A Journey with Sam Millar


Jack Kirby, The Avengers, 4, March 1964 (cover art)

There are many photographs of Sam Millar in the press, and on the web.  On most of them, he looks rather intimidating. On some, you might even feel  a sense of menace.  He comes across as a hard man,  no mistake.  His  reputation, CV, and books, of course, do nothing to change this first impression. Or maybe they  do influence it. Nobody would wish to know  as  much about violence as he does. There is something else also, and his books prepare you for that too, when you meet him : a  dark and constant sense of humour, and a great gift for telling stories, especially stories of tough luck.  And a passion for books, magazines, and all printed matter. The journey between Dublin Connolly Station and Belfast Central lasts 2 hours.   It  feels much shorter. We have barely passed the  viaduct on the Broadmeadow  estuary when he orders coffees, and starts talking about the books he read. His father, a sailor, encouraged him to read;   himself read all the time.  Reading was a political act. When he came  ashore, back to Belfast, he brought books.   From America, he used to bring him Comics;  Marvel, DC Comics, stories of heinous villains and  of superheroes fighting for justice. Sam grew up during the early period of the troubles  in Northern Ireland, reading  Detective Comics made in New York.  The Civil rights movement and the tail end of the silver age of Marvel comics might  have seemed to intersect, not only historically, but at some distant, ideal point.

Fast forward 40 years or so, and Sam, now an acclaimed playwright and writer of  detective stories, is  officially the most controversial Irish Noir author. His P.I character, Karl Kane, I realise, is an avenger; his ethics owe as much to Chandler as to a comics superhero code, where right and wrong are starkly contrasted. This is   probably why his books sit uneasily with other representatives of the Irish Noir. While most contemporary, post good Friday agreement Irish Crime Fiction favours a  sort of  consensual relativism, Sam Millars’ recall that there have been  true political beliefs, too.  That actions were led by systems of thought, and that for some, the idea of right was more than just another moment of wrong. His views result in his books being  met with a measure of reticence in some corners of Northern Ireland, the  UK, and even in the Republic of Ireland, where they are published.  At the  same time, Millar’s account on the legacy of dread left by the troubles is what makes the books so noir. It is one of the reasons why they have found such an echo abroad, in France, and in Germany. Like Chester Himes, Sam Millar  has had to advance as a  noir author on the international literary field, to gain the liberty  to discuss domestic politics in his own terms.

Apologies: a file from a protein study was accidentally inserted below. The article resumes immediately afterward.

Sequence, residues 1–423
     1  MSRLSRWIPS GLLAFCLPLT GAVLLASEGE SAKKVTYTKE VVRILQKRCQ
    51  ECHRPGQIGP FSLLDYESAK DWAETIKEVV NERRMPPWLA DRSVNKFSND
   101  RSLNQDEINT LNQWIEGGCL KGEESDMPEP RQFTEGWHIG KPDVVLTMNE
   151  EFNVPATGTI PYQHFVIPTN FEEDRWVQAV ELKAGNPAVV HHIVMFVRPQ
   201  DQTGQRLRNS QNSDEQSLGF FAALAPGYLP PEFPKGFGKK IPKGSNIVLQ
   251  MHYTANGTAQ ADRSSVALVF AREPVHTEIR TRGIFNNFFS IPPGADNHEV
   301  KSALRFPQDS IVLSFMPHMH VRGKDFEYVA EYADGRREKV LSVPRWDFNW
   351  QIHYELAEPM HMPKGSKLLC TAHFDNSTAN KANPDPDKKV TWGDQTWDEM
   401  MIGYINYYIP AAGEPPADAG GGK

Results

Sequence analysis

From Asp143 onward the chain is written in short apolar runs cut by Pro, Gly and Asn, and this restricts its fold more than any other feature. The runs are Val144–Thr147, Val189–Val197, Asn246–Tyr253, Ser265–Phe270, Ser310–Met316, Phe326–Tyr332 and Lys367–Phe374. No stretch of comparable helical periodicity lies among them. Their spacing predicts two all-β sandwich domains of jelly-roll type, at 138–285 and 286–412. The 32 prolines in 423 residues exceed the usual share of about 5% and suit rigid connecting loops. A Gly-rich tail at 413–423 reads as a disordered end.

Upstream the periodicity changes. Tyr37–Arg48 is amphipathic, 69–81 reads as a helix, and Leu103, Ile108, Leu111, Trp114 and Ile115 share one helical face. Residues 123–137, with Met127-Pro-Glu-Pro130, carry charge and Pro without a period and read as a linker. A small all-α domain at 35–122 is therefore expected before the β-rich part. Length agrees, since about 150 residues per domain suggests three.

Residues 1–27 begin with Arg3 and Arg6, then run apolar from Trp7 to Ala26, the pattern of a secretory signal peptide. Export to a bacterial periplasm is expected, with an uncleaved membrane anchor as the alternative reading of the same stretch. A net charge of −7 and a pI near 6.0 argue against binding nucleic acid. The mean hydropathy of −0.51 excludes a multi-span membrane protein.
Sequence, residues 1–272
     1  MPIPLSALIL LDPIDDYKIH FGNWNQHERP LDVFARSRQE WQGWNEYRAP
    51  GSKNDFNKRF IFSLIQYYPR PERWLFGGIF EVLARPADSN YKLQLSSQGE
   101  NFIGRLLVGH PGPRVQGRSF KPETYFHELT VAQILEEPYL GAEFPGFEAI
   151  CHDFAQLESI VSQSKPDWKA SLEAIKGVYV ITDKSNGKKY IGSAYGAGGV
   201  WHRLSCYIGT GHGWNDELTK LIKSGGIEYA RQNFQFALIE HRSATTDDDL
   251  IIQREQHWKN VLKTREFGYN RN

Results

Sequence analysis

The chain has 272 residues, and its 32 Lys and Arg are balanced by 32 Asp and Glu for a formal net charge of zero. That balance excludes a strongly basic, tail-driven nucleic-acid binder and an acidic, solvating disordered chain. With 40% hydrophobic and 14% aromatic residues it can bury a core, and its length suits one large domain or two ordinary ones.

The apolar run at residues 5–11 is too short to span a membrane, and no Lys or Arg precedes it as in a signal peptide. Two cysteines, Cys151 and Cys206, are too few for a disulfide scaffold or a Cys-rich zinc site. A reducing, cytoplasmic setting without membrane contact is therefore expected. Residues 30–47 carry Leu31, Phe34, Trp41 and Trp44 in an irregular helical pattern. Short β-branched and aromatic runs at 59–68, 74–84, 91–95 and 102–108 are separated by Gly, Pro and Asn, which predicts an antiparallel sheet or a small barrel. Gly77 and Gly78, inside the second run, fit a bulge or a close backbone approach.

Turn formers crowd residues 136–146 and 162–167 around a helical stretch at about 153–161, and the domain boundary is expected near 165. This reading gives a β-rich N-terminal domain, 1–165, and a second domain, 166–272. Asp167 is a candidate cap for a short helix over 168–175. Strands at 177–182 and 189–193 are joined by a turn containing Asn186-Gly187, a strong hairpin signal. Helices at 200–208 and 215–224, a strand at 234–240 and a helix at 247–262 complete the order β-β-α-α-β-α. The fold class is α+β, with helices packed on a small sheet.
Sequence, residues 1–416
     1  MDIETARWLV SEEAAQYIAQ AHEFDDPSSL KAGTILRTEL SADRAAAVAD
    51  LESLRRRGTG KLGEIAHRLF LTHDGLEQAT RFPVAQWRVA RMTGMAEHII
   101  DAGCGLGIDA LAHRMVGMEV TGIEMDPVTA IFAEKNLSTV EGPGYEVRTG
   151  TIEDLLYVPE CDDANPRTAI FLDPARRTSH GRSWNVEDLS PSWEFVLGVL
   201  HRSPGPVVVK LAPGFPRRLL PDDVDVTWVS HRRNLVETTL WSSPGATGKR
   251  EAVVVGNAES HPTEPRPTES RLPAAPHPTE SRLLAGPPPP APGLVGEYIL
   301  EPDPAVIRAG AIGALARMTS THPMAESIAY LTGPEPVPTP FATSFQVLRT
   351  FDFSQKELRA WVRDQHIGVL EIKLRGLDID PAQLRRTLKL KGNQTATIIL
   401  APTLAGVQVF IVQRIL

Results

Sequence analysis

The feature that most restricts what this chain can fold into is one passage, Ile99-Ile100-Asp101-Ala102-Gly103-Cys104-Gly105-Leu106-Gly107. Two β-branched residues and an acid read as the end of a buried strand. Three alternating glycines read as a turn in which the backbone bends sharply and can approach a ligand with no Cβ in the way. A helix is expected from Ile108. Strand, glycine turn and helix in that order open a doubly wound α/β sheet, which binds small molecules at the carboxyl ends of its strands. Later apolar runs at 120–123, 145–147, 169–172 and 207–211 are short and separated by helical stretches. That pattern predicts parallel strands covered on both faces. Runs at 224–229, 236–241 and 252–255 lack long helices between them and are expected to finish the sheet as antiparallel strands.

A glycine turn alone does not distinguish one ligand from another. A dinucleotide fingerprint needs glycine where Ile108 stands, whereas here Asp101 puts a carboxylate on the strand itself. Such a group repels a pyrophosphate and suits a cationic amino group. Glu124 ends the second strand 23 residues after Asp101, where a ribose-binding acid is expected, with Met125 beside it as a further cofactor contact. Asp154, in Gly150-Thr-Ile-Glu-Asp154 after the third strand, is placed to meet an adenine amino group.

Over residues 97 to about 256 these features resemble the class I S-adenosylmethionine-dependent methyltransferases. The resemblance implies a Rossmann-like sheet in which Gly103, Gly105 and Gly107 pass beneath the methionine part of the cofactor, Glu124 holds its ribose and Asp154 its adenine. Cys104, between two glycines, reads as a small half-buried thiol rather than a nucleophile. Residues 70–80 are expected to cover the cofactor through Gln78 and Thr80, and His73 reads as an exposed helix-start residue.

Sam Millar, Les Chiens de Belfast, Translation Patrick Raynal, Paris, Le Seuil, 2014


Sam Millar, Le Cannibale de Crumlin Road, Translation Patrick Raynal, Paris, Le Seuil, 2015


Sam Millar, On the brinks, Translation Patrick Raynal, Paris, Le Seuil, 2013


Sam Millar , Die Bestien von Belfast: Ein Fall für Karl Kane 1, Translation :  Joachim Körb, Atrium Verlag, Hamburg, 2013 (original, Bloodstorm, 2008).

Sam Millar,  Die satten Toten. Ein Fall für Karl Kane, 2, Zürich : Atrium-Verl, 2013


 Sam Millar, Die kalte Kralle : Ein Fall für Karl Kane, 3, Translation,  Joachim Körber,   Zürich : Atrium Verlag,  2014




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